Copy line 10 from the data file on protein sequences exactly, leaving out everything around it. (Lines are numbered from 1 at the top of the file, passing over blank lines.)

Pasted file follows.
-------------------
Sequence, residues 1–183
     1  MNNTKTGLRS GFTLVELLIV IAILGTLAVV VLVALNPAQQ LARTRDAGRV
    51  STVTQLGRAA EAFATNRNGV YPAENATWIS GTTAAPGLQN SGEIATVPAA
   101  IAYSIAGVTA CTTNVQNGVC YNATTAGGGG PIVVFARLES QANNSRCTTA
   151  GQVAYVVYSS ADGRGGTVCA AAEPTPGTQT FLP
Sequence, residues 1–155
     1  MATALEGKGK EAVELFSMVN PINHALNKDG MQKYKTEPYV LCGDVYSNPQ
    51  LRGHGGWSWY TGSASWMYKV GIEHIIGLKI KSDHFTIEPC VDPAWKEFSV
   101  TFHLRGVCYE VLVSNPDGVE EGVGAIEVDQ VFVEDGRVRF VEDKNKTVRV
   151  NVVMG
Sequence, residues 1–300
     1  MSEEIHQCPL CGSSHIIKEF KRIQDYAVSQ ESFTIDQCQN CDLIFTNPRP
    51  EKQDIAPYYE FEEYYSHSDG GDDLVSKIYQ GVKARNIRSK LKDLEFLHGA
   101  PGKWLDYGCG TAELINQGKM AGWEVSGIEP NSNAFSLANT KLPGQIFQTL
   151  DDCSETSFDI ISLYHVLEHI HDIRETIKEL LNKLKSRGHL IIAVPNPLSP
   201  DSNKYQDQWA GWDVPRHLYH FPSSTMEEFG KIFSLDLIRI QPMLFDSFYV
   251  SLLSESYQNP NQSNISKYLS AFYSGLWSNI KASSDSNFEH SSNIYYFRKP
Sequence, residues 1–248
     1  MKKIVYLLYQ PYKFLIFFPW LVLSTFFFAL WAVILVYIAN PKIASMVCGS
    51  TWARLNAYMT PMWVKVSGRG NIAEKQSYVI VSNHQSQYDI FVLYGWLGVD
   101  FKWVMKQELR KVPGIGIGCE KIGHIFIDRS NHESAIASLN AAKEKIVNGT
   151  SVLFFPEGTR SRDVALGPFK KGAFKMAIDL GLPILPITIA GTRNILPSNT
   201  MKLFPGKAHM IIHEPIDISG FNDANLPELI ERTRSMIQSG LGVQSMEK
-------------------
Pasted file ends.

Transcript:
   151  NVVMG